When I was in the sixth grade, one of my classmates, Ashley, developed breasts early and frequently wore low-cut tops and shorts that were just barely long enough to meet dress code requirements. She was pretty, with slightly frizzy hair that she kept cut just below her ears. She may or may not have made out or had sex with a boy in the dugout. The rumors, of course, said she was guilty. As the year progressed—and people called her a slut (and worse)—she became depressed. I recall she cried frequently and stopped hanging out with people she’d considered friends. Later, in high school, she confessed she thought about killing herself.
I think about Ashley occasionally, especially as I look around at my middle school and high school students.
My students have told me about crushes gone awry, about dropping out of school (and dropping back in), about cyber- and in-person bullying. I recently subbed in a seventh-grade classroom. One student, Nicole, came to me and said other students were calling her “loose” and worse.
“I don’t know what to do,” she said. “Reporting them will make it worse.”
These feelings are legitimate. Telling her to report them, after she’d directly expressed not wanting to, would invalidate her feelings.
I listened and knew I had to give Nicole extra support. Nicole talked about friends who’d turned against her, remarks she was subjected to, how she knew it was bullying and how reporting bullying never worked.
I let Nicole know I was there to talk to and would check in with her. I also talked with the primary teacher to get her support.
While we have to support individual students who are victimized, we also need to focus on the school climate and make all students aware of the detrimental effects of a culture that allows young girls—in particular—to be tormented.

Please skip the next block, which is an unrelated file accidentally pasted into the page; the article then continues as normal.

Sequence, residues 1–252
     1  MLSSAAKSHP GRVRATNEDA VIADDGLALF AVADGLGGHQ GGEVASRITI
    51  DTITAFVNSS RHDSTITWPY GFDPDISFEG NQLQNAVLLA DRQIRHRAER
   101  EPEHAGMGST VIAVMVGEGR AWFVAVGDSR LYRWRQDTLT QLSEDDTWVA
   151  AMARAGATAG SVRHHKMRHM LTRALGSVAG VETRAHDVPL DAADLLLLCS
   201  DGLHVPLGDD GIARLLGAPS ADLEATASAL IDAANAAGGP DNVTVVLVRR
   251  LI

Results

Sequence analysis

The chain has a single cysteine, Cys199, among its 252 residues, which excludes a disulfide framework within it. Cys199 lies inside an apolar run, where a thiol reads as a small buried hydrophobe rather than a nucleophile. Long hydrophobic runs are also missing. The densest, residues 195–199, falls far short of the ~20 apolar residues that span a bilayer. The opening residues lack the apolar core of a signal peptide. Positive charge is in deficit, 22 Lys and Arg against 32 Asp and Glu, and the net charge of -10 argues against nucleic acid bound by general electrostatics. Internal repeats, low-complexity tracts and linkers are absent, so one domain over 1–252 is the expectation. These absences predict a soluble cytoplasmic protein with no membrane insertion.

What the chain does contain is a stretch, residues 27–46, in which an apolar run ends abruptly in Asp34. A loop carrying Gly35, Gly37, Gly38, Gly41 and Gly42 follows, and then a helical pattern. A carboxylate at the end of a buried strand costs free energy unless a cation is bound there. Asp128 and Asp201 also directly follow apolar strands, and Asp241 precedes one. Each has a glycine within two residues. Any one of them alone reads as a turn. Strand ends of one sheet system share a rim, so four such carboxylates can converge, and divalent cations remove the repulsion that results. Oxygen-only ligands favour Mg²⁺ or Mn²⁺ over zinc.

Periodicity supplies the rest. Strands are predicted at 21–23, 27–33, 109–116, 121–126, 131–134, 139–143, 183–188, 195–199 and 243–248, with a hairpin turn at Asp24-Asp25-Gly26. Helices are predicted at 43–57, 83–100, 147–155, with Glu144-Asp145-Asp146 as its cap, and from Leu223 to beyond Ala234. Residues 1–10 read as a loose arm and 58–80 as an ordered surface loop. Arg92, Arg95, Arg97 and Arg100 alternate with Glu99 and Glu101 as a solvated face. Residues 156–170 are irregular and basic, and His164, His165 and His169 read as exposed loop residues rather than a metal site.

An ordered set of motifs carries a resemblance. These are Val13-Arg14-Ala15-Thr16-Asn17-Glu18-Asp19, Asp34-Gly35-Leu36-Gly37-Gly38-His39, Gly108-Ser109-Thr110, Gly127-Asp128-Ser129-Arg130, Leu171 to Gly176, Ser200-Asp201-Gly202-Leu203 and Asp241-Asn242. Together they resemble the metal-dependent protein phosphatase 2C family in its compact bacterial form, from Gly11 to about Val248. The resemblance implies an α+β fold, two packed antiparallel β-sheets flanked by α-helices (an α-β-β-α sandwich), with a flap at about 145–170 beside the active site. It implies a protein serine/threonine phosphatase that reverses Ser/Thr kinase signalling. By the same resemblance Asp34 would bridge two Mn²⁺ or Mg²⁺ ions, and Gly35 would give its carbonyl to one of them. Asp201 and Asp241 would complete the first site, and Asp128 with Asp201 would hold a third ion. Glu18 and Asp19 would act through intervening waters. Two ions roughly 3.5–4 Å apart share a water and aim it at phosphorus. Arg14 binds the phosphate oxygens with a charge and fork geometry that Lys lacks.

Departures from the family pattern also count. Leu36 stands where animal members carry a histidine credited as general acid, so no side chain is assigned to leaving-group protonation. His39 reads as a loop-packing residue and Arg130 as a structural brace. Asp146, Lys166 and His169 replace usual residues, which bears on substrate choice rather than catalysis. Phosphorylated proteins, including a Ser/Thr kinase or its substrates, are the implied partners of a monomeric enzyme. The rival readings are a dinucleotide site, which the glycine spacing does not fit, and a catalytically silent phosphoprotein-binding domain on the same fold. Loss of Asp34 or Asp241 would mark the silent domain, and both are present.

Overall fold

The Unslut Project is a helpful tool. Emily Lindin, the project’s author, is a writer now in her late 20s, who was the “sixth-grade slut.” She kept a diary, and is now blogging that diary, word for word, with adult-Emily comments in brackets. It’s heartbreakingly honest. Based on reader-responses, her story touches people of all ages and genders.
I think it helps to know that someone else is experiencing—or experienced—what you’re going through. I learned about The UnSlut Project long after Nicole approached me, but I would have directed her toward it and encouraged her to submit her own story, as Emily Lindin suggests.
Lindin’s project has fostered an important discussion about the culture of slut-shaming and victim-blaming. It's a blog I'll recommend to youth in the future. I’ll ask them to read and write responses to the blog that will be part of a discussion and a larger campaign to help students understand the ramifications of slut-shaming and victim-blaming.
We have more examples in the news headlines. We could start with the story about a teenage girl raped by two football players. When the guilty verdict came from the court, the victim was harassed and threatened. We might tie this into the suicide of Rehtaeh Parsons, a girl in Canada, who was harassed after a photo of an alleged rape was distributed throughout her school and she was rejected by the school community.
As educators, we have a responsibility to talk about victim-blaming and slut-shaming with students. By talking about the way society polices girls and women, based on the way they dress or their perceived sexual activity, we have the opportunity to foster caring learning environments, prevent suffering and save lives.
Clift is a writer and a substitute teacher with a focus on youth labeled with behavioral issues. She also develops and delivers programs for seventh- to 12th-graders in nontraditional settings.